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The best fringe benefits to look for in 2023

Technology is notorious for its bountiful and fun perks: think naps, or free food including catered meals for breakfast, lunch, and dinner, as well as free access to healthy snacks. On-site gyms are also a common perk, as are endless branded swag gifts — that Patagonia fleece vest is a strong contender among male finance and tech workers.

Throw in some arcade games, ping pong tables, and free beers from the fridge for when your brain needs a rest, and it’s easy to think techies have it all figured out.

Some benefits are so standard that they are not available anywhere else. In 2015, Uber booked Beyoncé to perform with a private company. At the Capital One location in Tysons, Virginia, the rooftop features an 18-hole mini putt putt course and retro food trucks.

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Perks are designed to do a few things: they’re perhaps most important of all: they’re a showcase of company culture – “we’re fun, honestly!” – and also a lever to attract new employees to a company. Great benefits can also help tech companies retain their existing workforce.

This is important, because employment at technology companies can be short. The average Google tenure in the US is just 1.1 years. In the UK, the average length of employment of employees is the lowest of any OECD country at around 1.6 years.

While a perk like pet insurance or the ability to bring your dog to work is great, in the broader macroeconomic environment of 2023, these kinds of incentives are no longer enough.

The cost-of-living crisis has brought perks into sharp focus. Annual inflation in the euro area was 9.2% in December 2022; a year earlier it was 5%. So having a climbing wall in the office is nice, of course, but how does that help employees pay their astronomical energy bills?

In addition, the new hybrid environment fostered by the pandemic has rendered many previous benefits obsolete. If you work from home more days than not, those office niceties like free massages and having your car washed on the spot are of little consequence. You just won’t be able to take advantage of it.

Now it’s all about benefits. Probably the most important benefit anyone gets from their 9-5 is their salary and, according to the European Central Bank (ECB), wages in Europe have remained fairly stable in recent years. The better news is that a large majority of companies expect to implement a wage increase of 4% or more in 2023.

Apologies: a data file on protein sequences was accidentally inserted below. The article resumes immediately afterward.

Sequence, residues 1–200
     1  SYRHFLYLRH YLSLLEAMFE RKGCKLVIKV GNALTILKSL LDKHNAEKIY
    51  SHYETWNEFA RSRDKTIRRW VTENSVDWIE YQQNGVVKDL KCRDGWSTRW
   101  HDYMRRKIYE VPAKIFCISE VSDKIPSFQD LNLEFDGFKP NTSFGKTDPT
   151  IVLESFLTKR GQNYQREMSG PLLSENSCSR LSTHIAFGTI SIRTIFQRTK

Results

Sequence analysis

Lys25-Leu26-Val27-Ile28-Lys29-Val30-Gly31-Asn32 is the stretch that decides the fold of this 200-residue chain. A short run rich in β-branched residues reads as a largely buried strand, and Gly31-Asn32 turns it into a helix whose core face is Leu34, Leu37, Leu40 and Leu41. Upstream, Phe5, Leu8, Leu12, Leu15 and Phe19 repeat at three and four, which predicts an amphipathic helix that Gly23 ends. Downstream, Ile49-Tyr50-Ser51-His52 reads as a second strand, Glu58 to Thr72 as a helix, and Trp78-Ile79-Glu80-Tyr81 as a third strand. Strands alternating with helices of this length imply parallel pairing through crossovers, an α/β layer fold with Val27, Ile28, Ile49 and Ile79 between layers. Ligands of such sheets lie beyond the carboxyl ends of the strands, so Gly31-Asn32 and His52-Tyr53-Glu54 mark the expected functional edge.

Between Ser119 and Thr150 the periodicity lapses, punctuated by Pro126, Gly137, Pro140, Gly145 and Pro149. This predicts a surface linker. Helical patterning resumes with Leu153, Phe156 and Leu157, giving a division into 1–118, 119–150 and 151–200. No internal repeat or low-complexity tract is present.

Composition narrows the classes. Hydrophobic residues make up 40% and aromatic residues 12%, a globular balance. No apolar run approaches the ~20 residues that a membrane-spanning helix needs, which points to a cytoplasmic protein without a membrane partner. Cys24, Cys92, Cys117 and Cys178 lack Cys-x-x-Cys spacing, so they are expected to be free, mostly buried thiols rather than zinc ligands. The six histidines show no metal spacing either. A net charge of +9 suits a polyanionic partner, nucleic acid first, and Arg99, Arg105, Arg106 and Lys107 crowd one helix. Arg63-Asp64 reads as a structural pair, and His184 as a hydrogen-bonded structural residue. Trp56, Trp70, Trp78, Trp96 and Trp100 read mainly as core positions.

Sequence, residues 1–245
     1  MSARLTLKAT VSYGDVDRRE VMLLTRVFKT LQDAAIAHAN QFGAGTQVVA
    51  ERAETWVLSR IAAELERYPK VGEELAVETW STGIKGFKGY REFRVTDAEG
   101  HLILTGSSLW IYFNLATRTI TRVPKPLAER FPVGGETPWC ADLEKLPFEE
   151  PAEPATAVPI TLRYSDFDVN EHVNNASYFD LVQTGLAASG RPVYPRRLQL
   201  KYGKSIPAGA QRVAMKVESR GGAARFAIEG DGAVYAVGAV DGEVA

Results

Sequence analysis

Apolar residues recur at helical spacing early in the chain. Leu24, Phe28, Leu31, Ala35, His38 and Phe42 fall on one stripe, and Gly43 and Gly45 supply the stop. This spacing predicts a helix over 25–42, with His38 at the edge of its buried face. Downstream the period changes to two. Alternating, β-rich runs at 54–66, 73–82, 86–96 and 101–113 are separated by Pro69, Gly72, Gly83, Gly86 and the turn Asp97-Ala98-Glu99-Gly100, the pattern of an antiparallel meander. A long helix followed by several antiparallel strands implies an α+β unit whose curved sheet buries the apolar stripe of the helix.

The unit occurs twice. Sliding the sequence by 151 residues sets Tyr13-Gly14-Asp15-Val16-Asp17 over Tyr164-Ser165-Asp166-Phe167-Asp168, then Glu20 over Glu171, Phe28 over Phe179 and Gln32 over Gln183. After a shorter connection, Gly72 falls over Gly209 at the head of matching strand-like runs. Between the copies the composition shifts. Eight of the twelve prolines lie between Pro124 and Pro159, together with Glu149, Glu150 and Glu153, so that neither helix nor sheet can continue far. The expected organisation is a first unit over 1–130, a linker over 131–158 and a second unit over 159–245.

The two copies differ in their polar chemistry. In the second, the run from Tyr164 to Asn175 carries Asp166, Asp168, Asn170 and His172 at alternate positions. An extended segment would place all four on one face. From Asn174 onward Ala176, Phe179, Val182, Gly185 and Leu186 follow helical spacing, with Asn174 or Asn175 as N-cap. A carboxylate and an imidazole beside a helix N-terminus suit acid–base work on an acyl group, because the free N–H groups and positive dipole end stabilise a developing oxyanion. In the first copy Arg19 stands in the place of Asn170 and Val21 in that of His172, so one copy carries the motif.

That’s one piece of the puzzle; what else do employees want to see as part of a benefits package this year?

Money matters

Financial incentives are becoming increasingly attractive. From employee share plans to flexible spending accounts, tuition or reimbursement – ​​which is particularly appealing to those looking to support their future career progression – to pension contributions or matching, there are many ways employers can give their employees a real financial boost.

This job as a Senior Java Engineer at payment company SumUp, based in Berlin, is a good bet. With a company pension scheme and 28 days of paid leave, you also receive a budget for attending conferences and external training courses.

Health is wealth

Employee stress is a major problem. A study conducted by Gallup and Workhuman of over 12,000 employees in 11 European countries and the US found Ireland, the UK and Belgium to be the worst locations for burnout.

Three in 10 Irish workers surveyed reported feeling burnt out “very often” or “always”. That compares to 1.5 in 10 in Switzerland who reported feeling burnt out less often. Employers that offer a range of health and wellness support will attract the best talent. From work sick leave to life insurance, internal flu shots and mental health support, some companies also offer fertility benefits such as IVF or egg freezing.

At ByteDance, TikTok’s parent company, well-being is ingrained. We are “committed to the well-being of all our employees and promise to provide comprehensive and evidence-based programs to promote and support physical and mental well-being,” it says. If that sounds good, an Amsterdam role for a Dutch-speaking Content Moderator is now available.

Tangible, please

Other areas where companies can give back to employees in a way that positively impacts their bank balance is by offering perks such as commuter benefits, bike-to-work schemes and vouchers for free food at home.

Real flexibility when it comes to how the work is done is essential. From remote to hybrid styles, many employees discovered cost savings inherent to working from home during the pandemic, as well as more time to themselves, and are hesitant to give that up.

Better family leave benefits are also attractive. In addition to maternity leave, companies offering care leave, attractive parental leave packages for all parents, and bereavement leave are becoming more and more common.

Finally, companies that match charitable donations and days employees can spend volunteering are starting to become the norm. Check out XpertHR, which is hiring a Software Engineering Manager in Amsterdam. The company offers a wide range of benefits, including two extra ‘charity days’ per year.

For more tech jobs with brilliant benefits, visit The House Of Talent Job Board


Shreya has been with australiabusinessblog.com for 3 years, writing copy for client websites, blog posts, EDMs and other mediums to engage readers and encourage action. By collaborating with clients, our SEO manager and the wider australiabusinessblog.com, Shreya seeks to understand an audience before creating memorable, persuasive copy.

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